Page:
Back in the day, which would be BP, (Before Pong - the first video game) kids actually had to go outside in the fresh air, and play games that emanated from the 3 lb. hard drive called their brain. Growing up in NYC, there were a variety of street games to choose from: Johnny on the Pony, freeze tag, stickball, paddleball, and a whole host of others. Some of these games were entirely unique to NYC. You wouldn't find them outside of the confines of the 5 boroughs, and even then, not necessarily in all quarters of the city.
Skelly, (or skully, depending on what neighborhood you grew up in) was one such game. It required equal parts skill, luck, and just a modicum of ruthlessness. It also required a bit of skulduggery. The basic game was usually drawn on the sidewalk, or in the street in chalk as follows:
(There is usually a border drawn around the edges as well. Also, on some boards, the "2, 4, 6,8" around the "13" in the middle is not there, but the boxes surrounding it are, just not numbered.)
To learn how to play the game would take a bit of explaining. Fortunately, the web has provided a valuable resource, Streetplay.com that will tell you all you need to know about the game but were afraid to ask.
However, there was one aspect of the game that made for fierce competition amongst the kids on the block. Skelly caps were bottle caps, the kind you got from Coke (the metal ones, as the plastic ones did not yet exist.) or beer bottles, and you melted crayons into them. This not only was a source of pride with regards to what your skelly cap collection looked like, but it also served a practical purpose. The melted crayon weighted down the cap, causing it to move more smoothly across the pavement.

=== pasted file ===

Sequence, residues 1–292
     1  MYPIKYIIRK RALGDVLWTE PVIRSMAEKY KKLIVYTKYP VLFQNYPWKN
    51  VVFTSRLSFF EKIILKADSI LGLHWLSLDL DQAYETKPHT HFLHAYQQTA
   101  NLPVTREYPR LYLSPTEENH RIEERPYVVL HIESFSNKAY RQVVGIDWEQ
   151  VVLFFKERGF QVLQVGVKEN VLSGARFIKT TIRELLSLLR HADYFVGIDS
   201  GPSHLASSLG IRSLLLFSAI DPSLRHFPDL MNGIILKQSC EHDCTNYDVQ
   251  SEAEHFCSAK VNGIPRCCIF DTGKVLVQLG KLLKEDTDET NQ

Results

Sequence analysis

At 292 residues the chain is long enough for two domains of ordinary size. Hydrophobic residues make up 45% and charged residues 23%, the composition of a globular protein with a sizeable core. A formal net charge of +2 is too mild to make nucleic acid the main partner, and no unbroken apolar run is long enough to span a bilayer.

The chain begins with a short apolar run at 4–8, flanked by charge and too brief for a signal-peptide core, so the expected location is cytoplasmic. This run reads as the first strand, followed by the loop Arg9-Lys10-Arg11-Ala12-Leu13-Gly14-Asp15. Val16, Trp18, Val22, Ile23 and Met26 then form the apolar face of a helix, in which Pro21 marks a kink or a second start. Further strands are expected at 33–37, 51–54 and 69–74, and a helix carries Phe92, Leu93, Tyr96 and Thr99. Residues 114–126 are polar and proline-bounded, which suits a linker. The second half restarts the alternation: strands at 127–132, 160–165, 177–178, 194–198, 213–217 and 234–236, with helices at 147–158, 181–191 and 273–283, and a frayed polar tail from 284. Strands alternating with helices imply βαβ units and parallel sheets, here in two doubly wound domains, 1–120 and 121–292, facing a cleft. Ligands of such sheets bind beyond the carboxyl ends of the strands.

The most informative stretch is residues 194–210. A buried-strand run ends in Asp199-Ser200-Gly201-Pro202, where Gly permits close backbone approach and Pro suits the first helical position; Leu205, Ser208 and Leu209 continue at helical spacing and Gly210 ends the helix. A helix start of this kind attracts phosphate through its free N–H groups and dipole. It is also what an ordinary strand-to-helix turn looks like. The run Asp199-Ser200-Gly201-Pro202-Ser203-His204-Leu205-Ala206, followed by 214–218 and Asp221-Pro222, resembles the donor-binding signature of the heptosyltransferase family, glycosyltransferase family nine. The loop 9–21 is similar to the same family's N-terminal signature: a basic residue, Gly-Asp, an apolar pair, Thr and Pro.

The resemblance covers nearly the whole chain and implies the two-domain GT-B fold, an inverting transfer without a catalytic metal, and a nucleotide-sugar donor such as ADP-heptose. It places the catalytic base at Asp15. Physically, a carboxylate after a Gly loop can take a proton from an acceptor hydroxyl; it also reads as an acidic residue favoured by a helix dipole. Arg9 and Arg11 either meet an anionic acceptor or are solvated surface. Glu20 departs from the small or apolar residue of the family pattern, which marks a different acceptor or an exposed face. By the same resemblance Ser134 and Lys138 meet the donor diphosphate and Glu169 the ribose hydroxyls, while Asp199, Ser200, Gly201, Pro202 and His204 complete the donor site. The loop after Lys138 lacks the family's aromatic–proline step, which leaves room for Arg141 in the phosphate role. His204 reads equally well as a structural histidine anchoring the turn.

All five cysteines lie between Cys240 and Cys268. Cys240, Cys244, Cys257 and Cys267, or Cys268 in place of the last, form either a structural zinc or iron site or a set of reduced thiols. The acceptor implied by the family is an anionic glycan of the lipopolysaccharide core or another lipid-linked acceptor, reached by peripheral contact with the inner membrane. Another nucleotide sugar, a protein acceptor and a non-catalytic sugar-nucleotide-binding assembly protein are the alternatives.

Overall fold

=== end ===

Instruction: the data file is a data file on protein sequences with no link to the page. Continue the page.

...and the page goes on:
For true skelly afficianados, the best skelly cap was the bottom of your school chair. It was a heavier metal than the bottle cap, and its naturally polished surface made it glide nicely. It also made for some killer moves, as its weight could blow other players right off the board. The skulduggery part came in when trying to pry the bottom off the chair; teachers normally took an ill view of such things. Destruction of school property aside, it left a lot of chairs with a discernible list to either the right or left. One chair was one thing; a whole classroom full of them was quite another.
I first learned to play the game while living in Rockaway, Queens, prior to moving to the Bronx. In the projects where I lived, management was kind enough to actually paint a skelly board on the floor of the small park behind my building. My fondest memories were hordes of kids lined up to play, either against one another or in teams. Over the course of an entire day, you would hear shouts of "whoa," and "yeah, yeah." There was, however, one shout that everyone hoped to be able to do: "I am a killer diller!" The response from the rest of players was, in unison, "Yes you are!"
Kids up here in Rochester have no conception of this game. This year however, I am going to draw out a skelly board on my driveway, and get some skelly caps, and teach my neighbors what real fun is..........
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